The death of Raniya Wright, the 10-year-old girl who collapsed after a fight at her South Carolina elementary school a month ago, was caused by a medical condition she was born with, officials said Friday.
According to a study by forensic pathologists at the Medical University of South Carolina, Raniya had a condition called arteriovenous malformation, a tangle of abnormal blood vessels in the brain, and died after one of them ruptured.
There was no sign that the fight contributed to her death, said Duffie Stone, a county prosecutor, who said he would not be filing criminal charges.
The death of Raniya, a fifth grader, caused an outpouring of grief and made national headlines, with her parents and many others demanding answers for how an elementary school could have allowed a fight to lead to a child’s death.
But county officials said that was not what occurred.
“There was no evidence of trauma on or inside the body,” Mr. Stone said. “There were no bruises, no cuts, no scrapes, no busted lips, no black eyes.”
The only internal trauma was linked to the ruptured blood vessel inside the brain, he said.
Headaches are a symptom of the condition Raniya had, and she had complained of headaches and dizziness seven times over the past two years, Mr. Stone said at a news conference.
But Raniya’s mother and grandfather responded to the medical report with disbelief.
“For three weeks, we were waiting, this is what we get, a cover-up,” said her grandfather, Ernest Wright, speaking at a separate news conference after county officials announced the findings. “Natural causes did not trigger my granddaughter to die.”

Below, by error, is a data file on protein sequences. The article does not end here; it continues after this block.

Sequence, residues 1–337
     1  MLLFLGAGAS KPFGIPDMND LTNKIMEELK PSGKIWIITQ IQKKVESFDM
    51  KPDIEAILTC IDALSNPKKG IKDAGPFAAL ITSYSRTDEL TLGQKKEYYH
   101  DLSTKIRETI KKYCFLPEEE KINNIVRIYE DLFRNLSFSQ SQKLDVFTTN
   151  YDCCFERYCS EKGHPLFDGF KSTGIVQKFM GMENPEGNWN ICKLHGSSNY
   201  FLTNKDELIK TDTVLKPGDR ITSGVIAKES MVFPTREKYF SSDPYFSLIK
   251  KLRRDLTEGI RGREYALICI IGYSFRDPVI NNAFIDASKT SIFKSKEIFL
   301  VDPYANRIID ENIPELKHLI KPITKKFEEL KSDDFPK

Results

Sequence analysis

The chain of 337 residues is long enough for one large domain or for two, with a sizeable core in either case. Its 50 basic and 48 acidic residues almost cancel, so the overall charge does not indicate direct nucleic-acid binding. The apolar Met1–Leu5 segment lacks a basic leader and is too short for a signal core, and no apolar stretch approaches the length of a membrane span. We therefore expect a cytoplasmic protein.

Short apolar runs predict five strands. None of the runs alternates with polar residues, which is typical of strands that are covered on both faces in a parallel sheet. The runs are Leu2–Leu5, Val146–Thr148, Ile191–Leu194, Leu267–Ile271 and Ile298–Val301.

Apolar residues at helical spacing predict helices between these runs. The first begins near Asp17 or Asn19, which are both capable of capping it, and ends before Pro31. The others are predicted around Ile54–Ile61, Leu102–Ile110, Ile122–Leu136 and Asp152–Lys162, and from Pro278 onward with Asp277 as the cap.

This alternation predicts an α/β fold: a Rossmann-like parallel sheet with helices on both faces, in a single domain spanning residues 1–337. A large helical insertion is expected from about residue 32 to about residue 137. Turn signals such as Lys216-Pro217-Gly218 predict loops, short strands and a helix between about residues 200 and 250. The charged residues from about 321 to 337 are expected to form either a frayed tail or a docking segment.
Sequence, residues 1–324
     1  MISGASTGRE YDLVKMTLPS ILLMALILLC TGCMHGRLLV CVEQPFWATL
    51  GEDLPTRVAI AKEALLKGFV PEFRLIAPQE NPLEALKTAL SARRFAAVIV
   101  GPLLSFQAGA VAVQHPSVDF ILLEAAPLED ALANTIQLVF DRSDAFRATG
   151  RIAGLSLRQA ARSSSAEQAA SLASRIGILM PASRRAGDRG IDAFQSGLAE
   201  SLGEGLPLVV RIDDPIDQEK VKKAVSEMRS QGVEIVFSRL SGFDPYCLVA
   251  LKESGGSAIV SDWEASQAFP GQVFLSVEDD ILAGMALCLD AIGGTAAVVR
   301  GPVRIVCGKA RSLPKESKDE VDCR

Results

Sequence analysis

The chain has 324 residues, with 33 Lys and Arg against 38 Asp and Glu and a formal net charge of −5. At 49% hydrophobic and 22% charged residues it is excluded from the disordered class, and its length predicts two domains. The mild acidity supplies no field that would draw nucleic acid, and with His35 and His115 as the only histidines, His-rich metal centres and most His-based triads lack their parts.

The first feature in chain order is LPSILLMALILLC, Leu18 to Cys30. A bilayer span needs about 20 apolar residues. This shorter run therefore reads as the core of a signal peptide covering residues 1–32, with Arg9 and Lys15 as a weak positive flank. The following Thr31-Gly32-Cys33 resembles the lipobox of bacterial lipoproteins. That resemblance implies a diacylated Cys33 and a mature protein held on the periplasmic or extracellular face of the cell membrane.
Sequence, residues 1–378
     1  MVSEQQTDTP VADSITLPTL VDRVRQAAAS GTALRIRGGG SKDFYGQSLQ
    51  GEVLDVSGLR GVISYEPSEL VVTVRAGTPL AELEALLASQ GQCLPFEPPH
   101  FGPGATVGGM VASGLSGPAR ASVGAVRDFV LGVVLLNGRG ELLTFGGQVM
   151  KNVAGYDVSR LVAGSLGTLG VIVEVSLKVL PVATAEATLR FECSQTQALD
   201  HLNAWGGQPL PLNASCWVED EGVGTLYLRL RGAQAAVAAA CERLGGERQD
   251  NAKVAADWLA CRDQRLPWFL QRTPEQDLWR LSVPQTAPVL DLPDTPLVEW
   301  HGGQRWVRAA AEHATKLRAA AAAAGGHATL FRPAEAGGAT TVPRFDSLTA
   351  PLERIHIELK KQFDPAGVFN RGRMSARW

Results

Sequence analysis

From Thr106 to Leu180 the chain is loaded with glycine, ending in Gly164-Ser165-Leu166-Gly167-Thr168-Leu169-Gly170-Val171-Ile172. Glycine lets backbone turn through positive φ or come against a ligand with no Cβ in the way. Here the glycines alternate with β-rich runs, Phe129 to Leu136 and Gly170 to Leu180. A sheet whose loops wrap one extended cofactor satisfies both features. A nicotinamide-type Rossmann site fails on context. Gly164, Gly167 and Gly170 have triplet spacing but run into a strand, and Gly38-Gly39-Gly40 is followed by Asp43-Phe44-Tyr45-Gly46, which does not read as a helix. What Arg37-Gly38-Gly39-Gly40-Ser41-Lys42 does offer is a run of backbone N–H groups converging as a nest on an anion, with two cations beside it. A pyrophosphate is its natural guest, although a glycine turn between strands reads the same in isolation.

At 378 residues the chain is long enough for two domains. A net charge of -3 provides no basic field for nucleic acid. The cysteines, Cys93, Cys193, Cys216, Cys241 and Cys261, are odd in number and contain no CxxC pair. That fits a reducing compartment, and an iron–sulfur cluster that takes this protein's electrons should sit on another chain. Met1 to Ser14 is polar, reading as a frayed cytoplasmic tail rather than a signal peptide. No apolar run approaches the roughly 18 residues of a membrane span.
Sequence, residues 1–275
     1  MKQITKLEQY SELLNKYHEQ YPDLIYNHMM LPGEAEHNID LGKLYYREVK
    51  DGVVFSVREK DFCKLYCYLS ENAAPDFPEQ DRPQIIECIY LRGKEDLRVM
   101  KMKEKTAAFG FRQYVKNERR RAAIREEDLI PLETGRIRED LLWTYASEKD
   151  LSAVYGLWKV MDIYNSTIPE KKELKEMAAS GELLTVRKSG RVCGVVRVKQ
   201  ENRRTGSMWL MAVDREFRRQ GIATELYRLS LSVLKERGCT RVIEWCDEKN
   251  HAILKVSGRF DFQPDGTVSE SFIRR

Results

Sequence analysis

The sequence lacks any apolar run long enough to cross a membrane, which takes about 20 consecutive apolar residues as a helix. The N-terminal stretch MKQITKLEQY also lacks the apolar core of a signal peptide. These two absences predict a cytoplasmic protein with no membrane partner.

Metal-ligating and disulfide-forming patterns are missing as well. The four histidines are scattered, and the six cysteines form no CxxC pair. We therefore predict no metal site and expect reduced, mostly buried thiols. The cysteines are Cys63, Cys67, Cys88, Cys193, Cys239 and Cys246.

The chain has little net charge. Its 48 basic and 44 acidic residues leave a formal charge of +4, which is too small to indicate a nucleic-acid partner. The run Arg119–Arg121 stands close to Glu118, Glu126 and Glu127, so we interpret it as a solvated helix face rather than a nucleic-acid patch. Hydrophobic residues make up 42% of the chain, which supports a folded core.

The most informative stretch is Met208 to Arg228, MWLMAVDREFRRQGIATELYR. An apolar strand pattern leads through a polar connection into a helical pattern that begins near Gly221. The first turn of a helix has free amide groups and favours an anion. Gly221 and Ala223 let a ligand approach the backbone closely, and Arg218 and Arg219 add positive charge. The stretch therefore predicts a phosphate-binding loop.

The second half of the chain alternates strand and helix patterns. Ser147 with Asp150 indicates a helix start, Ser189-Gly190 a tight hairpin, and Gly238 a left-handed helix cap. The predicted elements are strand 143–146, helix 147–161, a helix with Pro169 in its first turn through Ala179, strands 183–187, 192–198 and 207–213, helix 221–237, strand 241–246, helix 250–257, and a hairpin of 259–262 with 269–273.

What caused the blood vessel rupture that day? he asked. “There was a reason.”
Raniya’s mother, Ashley Wright, said her daughter had been active and healthy, playing a full basketball season. She said she had never been aware of any health problems until her daughter collapsed.
“I’m going to find out what happened to my baby,” she said.
Raniya had been involved in a short “slap fight” in her classroom on March 25, the day she collapsed, Sheriff R.A. Strickland of Colleton County said at the news conference.
The fight occurred at Forest Hills Elementary School in Walterboro, S.C., about an hour west of Charleston. Raniya died two days later.
Ms. Wright said that Raniya had been bullied in her class. On Facebook, Ms. Wright posted a photo of her kissing her daughter’s cheek as Raniya lay in a hospital bed wearing a neck brace and hooked up to tubes.
“Stay woke PARENTS!” she wrote.
Ms. Wright repeated her charge on Friday that her daughter had been bullied, saying that the same girl had been harassing Raniya since she was in third grade.
“What’s going to be done about it?” she asked. “Whose child is going to be next with this same girl?”